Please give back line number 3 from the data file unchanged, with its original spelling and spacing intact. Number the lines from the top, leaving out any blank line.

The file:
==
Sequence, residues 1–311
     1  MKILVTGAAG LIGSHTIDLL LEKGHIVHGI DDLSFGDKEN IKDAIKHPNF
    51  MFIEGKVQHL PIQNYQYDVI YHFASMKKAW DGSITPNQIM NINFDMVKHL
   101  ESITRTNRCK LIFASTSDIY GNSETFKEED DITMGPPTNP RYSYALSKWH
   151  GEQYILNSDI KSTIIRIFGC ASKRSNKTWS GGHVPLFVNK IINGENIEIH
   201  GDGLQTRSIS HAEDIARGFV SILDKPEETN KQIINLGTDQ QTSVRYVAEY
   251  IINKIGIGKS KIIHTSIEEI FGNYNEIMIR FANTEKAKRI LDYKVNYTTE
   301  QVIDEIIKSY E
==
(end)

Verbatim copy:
    51  MFIEGKVQHL PIQNYQYDVI YHFASMKKAW DGSITPNQIM NINFDMVKHL